Spotting marine mammals: an exercise in pointlessness?

The boat rocks gently, engines off as the ten or so passengers stare intently at the surrounding water. Cameras are poised, ready to snap the moment when the prey emerges. Suddenly there’s a shout: “Eleven o’clock! There’s two of them!” For those quick enough, the reward is a fleeting glimpse of a snout or a tail before the calm clear waters return once again. As for the photos? Yet another group of undistinguished water shots will fill another few memory cards.

If you’ve ever been out spotting marine mammals, this scenario probably has a familiar ring to it. In the last twelve months I’ve had two remarkably similar experiences: first attempting to see the elusive Irrawaddy river dolphins in northern Cambodia, and more recently when we went out off the coast of Belize to catch sight of the manatees who make their home in the warm coastal waters.

The  photos I have included here are my best from two futile photographic sessions. The others on the boats didn’t fare much better, and I suspect this is the case in most of these expeditions. I have another such set of pictures in print from a whale sighting off the coast of Peru, but I’ll spare you further pointlessness; you get the idea.

So why are these trips so popular when the sighting of these shy and uncooperative animals is such a difficult task? We certainly were none the wiser about the size, shape or appearance of a manatee or pink river dolphin as a result of these hours spent bobbing hopefully on the water. We came home and researched these creatures to learn far more than our nature spotting tours could have taught us.

I have now resolved that should I find myself on such a boat in the future the camera will stay in its case. It’s much easier to enjoy a momentary sighting of a nose or a tail without having to position a camera at the same time. And the effort of snapping the pictures is, well, you can see its dubious value.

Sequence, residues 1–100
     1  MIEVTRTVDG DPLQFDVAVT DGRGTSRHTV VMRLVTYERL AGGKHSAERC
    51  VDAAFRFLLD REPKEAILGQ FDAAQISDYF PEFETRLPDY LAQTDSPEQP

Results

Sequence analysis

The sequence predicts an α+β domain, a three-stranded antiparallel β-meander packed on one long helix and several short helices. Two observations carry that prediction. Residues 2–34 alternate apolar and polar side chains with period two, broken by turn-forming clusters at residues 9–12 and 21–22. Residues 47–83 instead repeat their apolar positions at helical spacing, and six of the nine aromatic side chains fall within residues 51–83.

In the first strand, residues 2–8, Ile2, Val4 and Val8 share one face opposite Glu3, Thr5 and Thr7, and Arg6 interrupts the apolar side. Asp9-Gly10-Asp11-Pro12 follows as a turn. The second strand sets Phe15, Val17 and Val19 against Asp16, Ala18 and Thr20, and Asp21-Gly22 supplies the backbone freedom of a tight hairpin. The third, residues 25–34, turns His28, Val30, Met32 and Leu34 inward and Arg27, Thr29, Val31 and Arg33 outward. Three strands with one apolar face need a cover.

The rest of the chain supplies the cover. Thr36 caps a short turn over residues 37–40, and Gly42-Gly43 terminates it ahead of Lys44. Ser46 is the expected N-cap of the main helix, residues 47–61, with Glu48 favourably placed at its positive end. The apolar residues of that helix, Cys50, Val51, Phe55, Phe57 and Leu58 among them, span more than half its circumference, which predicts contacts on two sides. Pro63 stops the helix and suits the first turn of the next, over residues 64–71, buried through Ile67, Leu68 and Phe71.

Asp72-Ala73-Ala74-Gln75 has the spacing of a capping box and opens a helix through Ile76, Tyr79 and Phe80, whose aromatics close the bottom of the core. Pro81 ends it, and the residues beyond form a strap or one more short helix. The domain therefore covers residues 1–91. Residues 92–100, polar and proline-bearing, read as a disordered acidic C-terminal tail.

Yet will I go on another such trip? Yes, I probably will. There’s a certain wonder to being so close to such rare creatures and letting them float and circle curiously around you for a moment. That they are so rare makes their sighting, however short, something of a coup. I’m glad I’ve seen these endangered animals with my own eyes, and perhaps the fact that these sightings have encouraged us to learn more about them later is reason enough to have seen them; even if the photographs do little more than remind us that we were there.

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9 Responses to “Spotting marine mammals: an exercise in pointlessness?”

  1. Spot on. The key thing is to forget about the camera. If all you care about is getting snaps of the whale/ dolphin/ leviathan/ bearded merman with a trident, you’re going to have a pretty miserable experience. Far better to observe how the creatures move and interact than take 200 pictures of splashes – you’ll not have a permanent record of it, but it’ll remain a far more vivid memory.

    That said, my Belize manatee experience was somewhat different. I was out snorkelling when one rolled up alongside me. Ended up staring him in the face – an amazing encounter.

    As a side note, I don’t tend to do group press trips any more, but they always seem to include Whale Watching. Once, it’s enjoyable. By the sixth time, you’re thoroughly sick of them.

    January 19, 2011 at 11:26 am
  2. Most of the time, they’re elusive but occasionally you get lucky enough to have them stick around for a while. (I spent two years living on the ocean.) I once had a humpback whale perform a tale show that lasted an hour or longer (time disappeared, so I don’t know exactly) and I got some stunning pictures. See the last pic in my photo gallery, this whale was in Tonga. http://www.fearfuladventurer.com/photo-gallery